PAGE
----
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Dis Model Mech. 2010 Jul-Aug;3(7-8):486-95. doi: 10.1242/dmm.004390. Epub 2010 May 18.

The mitochondrial import gene tomm22 is specifically required for hepatocyte survival and provides a liver regeneration model.

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1
Department of Biochemistry and Biophysics, Programs in Developmental Biology, Genetics and Human Genetics, University of California-San Francisco, 1550 Fourth Street, San Francisco, CA 94158-2324, USA. silvia.curado@med.nyu.edu

Abstract

Understanding liver development should lead to greater insights into liver diseases and improve therapeutic strategies. In a forward genetic screen for genes regulating liver development in zebrafish, we identified a mutant--oliver--that exhibits liver-specific defects. In oliver mutants, the liver is specified, bile ducts form and hepatocytes differentiate. However, the hepatocytes die shortly after their differentiation, and thus the resulting mutant liver consists mainly of biliary tissue. We identified a mutation in the gene encoding translocase of the outer mitochondrial membrane 22 (Tomm22) as responsible for this phenotype. Mutations in tomm genes have been associated with mitochondrial dysfunction, but most studies on the effect of defective mitochondrial protein translocation have been carried out in cultured cells or unicellular organisms. Therefore, the tomm22 mutant represents an important vertebrate genetic model to study mitochondrial biology and hepatic mitochondrial diseases. We further found that the temporary knockdown of Tomm22 levels by morpholino antisense oligonucleotides causes a specific hepatocyte degeneration phenotype that is reversible: new hepatocytes repopulate the liver as Tomm22 recovers to wild-type levels. The specificity and reversibility of hepatocyte ablation after temporary knockdown of Tomm22 provides an additional model to study liver regeneration, under conditions where most hepatocytes have died. We used this regeneration model to analyze the signaling commonalities between hepatocyte development and regeneration.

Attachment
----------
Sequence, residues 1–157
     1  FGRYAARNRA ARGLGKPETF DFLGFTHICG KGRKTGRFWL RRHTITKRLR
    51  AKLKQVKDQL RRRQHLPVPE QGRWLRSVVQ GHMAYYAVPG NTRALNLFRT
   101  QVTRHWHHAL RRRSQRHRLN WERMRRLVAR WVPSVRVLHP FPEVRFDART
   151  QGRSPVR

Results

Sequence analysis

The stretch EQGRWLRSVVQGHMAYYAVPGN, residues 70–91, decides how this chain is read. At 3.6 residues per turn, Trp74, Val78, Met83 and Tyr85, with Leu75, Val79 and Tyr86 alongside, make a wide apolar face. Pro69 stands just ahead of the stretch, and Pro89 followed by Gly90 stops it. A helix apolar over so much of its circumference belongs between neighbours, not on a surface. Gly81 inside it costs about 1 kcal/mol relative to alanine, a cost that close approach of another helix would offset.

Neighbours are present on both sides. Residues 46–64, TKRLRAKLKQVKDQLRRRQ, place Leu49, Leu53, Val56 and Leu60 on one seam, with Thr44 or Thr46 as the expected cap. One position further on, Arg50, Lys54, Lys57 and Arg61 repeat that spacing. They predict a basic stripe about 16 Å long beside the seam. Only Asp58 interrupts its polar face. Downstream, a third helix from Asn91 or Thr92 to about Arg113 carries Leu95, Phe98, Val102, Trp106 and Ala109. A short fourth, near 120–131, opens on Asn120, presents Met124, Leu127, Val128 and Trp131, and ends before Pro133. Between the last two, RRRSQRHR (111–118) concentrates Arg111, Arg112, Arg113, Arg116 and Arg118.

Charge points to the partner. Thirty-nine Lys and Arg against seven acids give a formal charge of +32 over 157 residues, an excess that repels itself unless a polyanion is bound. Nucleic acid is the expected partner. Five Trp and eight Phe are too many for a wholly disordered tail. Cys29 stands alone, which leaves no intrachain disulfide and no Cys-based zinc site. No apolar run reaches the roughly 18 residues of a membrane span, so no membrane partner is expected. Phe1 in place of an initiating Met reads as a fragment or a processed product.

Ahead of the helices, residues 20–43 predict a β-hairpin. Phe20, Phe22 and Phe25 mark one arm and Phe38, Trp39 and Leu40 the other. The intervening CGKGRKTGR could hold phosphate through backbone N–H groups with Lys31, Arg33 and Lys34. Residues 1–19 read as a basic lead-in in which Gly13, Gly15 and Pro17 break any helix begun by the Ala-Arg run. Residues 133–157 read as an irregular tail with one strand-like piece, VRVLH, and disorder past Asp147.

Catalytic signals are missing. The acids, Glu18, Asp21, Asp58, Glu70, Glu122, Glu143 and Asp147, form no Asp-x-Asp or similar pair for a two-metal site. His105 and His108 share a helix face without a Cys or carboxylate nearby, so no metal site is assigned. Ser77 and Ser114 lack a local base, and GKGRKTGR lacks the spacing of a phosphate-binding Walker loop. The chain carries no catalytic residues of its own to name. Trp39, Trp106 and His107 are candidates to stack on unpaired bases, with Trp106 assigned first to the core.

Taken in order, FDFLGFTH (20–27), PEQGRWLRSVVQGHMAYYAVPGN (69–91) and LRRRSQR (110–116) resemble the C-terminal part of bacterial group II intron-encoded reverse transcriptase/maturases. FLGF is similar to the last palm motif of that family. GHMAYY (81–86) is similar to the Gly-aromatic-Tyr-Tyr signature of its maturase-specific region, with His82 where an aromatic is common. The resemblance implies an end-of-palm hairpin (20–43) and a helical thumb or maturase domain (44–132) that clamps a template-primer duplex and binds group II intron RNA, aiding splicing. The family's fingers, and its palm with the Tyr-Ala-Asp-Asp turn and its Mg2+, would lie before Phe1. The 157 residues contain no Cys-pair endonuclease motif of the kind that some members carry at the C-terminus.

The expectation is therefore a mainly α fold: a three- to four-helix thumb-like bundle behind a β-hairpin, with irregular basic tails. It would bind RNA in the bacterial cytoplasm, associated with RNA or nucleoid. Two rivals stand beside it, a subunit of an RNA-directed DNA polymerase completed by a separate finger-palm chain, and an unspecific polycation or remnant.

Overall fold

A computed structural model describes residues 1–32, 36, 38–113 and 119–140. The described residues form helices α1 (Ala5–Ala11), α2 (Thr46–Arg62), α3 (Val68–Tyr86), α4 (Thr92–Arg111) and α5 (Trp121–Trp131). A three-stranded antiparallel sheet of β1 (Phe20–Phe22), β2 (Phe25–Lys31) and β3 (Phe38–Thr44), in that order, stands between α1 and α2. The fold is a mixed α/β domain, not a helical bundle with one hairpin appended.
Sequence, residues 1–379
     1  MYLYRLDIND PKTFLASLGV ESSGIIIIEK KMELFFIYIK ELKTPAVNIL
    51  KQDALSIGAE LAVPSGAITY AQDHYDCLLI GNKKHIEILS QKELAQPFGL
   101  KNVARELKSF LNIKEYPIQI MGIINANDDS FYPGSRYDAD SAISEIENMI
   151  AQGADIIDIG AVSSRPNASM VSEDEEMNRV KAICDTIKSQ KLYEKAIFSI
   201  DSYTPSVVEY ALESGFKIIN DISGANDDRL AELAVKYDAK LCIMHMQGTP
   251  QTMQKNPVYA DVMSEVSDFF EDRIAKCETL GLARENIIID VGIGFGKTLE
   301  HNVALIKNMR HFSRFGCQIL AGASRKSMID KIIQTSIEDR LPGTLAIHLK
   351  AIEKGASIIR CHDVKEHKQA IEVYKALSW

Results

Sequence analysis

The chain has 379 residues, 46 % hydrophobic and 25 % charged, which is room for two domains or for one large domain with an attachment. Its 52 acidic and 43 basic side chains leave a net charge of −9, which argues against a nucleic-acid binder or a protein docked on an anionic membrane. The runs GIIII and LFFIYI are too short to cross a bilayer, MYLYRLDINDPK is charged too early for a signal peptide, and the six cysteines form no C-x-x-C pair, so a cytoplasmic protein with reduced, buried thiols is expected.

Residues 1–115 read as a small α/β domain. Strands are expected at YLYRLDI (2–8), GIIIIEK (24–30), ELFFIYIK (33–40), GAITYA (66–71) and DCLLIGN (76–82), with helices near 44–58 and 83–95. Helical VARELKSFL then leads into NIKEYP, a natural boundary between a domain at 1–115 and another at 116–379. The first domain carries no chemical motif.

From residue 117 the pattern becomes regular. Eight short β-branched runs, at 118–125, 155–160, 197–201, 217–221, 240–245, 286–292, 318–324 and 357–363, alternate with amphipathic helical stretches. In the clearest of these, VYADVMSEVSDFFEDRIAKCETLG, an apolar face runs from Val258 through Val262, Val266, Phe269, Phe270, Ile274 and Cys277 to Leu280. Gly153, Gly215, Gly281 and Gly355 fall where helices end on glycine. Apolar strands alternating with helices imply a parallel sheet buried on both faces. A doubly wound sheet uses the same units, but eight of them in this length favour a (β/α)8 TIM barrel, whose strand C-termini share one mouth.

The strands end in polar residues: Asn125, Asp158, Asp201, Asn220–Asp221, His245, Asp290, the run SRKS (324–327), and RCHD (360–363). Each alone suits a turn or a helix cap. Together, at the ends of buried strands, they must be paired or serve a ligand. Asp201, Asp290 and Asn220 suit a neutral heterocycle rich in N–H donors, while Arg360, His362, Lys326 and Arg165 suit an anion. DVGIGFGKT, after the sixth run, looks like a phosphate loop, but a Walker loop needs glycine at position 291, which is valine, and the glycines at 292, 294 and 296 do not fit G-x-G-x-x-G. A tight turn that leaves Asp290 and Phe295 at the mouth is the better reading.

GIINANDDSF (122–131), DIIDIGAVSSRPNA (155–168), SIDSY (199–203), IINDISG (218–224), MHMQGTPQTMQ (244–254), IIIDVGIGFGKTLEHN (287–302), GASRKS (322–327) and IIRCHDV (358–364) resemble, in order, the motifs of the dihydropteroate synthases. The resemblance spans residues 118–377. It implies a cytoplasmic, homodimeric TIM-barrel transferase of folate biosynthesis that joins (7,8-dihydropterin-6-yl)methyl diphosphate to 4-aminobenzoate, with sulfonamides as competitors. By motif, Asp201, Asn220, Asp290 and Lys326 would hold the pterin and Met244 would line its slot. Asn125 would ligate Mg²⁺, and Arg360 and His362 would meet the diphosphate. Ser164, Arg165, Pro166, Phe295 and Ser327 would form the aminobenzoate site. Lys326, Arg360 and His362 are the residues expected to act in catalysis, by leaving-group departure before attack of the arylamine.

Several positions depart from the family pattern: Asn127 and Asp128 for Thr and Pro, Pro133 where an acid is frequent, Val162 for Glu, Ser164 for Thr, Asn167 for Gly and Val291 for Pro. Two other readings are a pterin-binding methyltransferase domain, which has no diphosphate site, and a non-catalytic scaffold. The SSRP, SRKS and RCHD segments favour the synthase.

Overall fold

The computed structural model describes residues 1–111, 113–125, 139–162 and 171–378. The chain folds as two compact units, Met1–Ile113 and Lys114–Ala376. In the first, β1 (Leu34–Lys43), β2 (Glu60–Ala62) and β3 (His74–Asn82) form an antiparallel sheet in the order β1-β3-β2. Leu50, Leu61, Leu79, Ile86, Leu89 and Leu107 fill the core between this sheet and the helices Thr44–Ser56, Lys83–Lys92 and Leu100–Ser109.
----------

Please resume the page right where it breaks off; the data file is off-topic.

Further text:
PMID:
20483998
PMCID:
PMC2898538
DOI:
10.1242/dmm.004390
[Indexed for MEDLINE]
Free PMC Article
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